September 21st is the International Day of Peace. It was declared as such by the United Nations General Assembly in 1981, and has been a symbol of ongoing efforts to create true, lasting, world peace ever since.
Paris and I had the opportunity to help out with an event discussing the United Nations’ goal of “Peace and Sustainable Development” this past Friday. It was quite an experience – we both wound up tweeting a lot, which you can see here, and overall we enjoyed the experience.
While a lot of it was panel discussions, which aren’t exactly my photographic forte, the event was held in the Vienna International Center. It’s not super easy to get in there – the security is pretty tight, considering that it’s one of the UN’s three world headquarters. I figured I’d take advantage of being allowed in and snap a few pictures of the grounds.
Once you get out of the security building, you’re greeted with the sight of a fountain, surrounded by flags, and the buildings of the complex rising around it.
The event was held in Building C, the main entrance to most of the complex, in a room that made me feel really official – if you looked in the back, you could see the translator booths above the main level, and every seat had a little earphone thing that could be switched to whichever of the seven languages you’d like.1 Very fancy.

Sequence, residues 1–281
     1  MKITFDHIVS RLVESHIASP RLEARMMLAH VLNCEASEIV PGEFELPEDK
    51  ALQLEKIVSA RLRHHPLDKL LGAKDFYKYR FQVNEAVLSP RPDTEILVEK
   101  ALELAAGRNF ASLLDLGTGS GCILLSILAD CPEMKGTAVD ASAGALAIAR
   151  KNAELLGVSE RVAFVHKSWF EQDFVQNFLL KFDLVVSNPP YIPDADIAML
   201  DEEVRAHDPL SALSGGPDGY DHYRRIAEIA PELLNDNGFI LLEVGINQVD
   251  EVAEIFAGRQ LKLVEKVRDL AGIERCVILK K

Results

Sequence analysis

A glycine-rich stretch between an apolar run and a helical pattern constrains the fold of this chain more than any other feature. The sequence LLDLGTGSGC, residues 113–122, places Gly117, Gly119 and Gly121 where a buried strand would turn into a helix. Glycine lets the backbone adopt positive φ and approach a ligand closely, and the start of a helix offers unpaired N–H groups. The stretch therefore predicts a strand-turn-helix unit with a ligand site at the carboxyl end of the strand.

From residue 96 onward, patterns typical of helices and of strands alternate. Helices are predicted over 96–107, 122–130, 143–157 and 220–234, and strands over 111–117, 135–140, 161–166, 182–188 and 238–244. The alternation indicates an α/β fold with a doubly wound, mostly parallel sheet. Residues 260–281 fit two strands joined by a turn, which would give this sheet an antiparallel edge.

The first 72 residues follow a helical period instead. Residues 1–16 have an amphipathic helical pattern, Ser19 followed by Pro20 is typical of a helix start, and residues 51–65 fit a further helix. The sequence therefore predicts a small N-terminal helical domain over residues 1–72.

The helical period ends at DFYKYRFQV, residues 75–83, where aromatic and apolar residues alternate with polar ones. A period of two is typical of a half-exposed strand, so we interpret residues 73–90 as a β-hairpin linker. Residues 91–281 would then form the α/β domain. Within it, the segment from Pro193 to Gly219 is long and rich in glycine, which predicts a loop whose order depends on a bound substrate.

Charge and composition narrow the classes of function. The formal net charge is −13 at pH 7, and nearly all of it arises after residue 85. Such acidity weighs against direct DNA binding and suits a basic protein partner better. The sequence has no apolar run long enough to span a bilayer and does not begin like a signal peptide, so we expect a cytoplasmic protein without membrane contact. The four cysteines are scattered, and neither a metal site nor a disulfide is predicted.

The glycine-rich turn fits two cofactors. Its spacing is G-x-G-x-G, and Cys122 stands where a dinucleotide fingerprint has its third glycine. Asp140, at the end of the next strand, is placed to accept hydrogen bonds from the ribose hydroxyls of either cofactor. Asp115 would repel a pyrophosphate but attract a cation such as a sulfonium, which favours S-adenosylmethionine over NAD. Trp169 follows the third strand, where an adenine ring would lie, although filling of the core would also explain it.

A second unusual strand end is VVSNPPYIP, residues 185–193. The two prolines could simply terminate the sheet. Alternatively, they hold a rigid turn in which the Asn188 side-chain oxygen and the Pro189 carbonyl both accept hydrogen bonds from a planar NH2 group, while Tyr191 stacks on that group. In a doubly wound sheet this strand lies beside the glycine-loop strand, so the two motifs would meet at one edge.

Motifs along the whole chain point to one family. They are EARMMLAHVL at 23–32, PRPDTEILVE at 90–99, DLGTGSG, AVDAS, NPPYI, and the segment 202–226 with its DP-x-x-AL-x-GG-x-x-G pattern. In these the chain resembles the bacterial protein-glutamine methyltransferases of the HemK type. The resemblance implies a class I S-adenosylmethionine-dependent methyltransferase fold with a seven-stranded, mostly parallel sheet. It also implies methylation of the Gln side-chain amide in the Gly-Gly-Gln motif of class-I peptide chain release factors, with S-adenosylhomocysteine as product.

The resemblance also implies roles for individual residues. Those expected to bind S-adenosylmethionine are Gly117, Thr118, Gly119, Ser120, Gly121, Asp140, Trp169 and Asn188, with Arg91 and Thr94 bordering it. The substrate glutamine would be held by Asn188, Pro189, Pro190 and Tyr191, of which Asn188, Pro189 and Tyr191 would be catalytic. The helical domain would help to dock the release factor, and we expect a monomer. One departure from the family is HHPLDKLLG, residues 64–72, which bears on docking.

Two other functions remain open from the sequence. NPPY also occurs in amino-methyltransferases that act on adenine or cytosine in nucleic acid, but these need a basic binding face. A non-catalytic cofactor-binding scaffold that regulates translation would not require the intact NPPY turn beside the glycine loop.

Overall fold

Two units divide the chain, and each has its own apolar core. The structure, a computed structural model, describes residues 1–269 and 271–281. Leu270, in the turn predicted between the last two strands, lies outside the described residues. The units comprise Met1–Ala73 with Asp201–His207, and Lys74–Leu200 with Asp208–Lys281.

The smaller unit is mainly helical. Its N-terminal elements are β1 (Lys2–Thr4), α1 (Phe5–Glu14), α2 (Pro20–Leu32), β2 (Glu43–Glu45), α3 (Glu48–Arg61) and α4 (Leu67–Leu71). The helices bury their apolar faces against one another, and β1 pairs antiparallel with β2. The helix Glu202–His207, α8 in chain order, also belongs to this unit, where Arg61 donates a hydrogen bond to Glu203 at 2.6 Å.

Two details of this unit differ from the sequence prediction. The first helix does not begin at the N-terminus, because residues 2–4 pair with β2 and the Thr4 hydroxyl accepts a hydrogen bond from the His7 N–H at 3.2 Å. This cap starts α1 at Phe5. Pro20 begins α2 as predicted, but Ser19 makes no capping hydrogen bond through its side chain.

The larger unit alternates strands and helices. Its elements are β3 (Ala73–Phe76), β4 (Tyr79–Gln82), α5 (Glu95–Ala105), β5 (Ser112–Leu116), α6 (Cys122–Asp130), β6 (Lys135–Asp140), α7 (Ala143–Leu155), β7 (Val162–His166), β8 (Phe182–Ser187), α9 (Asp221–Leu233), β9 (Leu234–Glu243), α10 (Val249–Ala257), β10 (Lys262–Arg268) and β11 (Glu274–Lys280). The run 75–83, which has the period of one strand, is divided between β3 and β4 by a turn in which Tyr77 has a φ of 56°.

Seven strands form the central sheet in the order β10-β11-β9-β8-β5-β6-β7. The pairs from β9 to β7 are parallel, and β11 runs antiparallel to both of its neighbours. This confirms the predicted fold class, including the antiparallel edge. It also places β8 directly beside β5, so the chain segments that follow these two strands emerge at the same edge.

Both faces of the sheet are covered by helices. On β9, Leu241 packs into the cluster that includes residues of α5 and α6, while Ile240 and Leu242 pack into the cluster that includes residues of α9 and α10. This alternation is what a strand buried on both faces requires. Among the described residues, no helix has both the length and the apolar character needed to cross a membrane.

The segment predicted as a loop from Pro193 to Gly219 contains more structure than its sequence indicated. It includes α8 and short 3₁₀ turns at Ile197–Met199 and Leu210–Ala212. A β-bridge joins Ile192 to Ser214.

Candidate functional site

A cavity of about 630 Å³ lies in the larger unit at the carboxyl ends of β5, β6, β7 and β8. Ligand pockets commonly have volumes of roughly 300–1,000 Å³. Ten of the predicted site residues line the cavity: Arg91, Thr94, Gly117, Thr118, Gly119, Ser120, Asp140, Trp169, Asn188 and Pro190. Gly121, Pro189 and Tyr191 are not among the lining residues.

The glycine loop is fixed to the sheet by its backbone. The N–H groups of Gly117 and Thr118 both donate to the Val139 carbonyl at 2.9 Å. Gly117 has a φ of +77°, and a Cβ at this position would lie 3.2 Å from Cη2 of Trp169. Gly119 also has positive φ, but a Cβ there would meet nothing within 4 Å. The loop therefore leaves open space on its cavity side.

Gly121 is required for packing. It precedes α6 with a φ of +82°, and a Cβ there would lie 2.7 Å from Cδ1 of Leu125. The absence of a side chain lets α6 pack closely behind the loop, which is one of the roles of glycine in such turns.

And, of course, the whole place was the sort of architecture I love – skybridges abound, and half the buildings were just suspended above the ground on massive pillars.
A key part of the event was the ringing of the Peace Bell by three WWII survivors – a Slovenian concentration camp survivor, a woman who, as a girl, lived through the Blitz of London, and the third, a survivor of the atomic bombing of Hiroshima.
We all had the opportunity to ring the Peace Bell after they did, actually, which I couldn’t say no to. I mean, look at it:
We’ll end with what I’m referring to in my head as the “Action Shot” – Paris got this picture, and I find it oddly entertaining.
- Translation was only provided from Japanese and Slovenian to English, but the system was set up to allow for translation to all six of the UN languages, plus German. ↩
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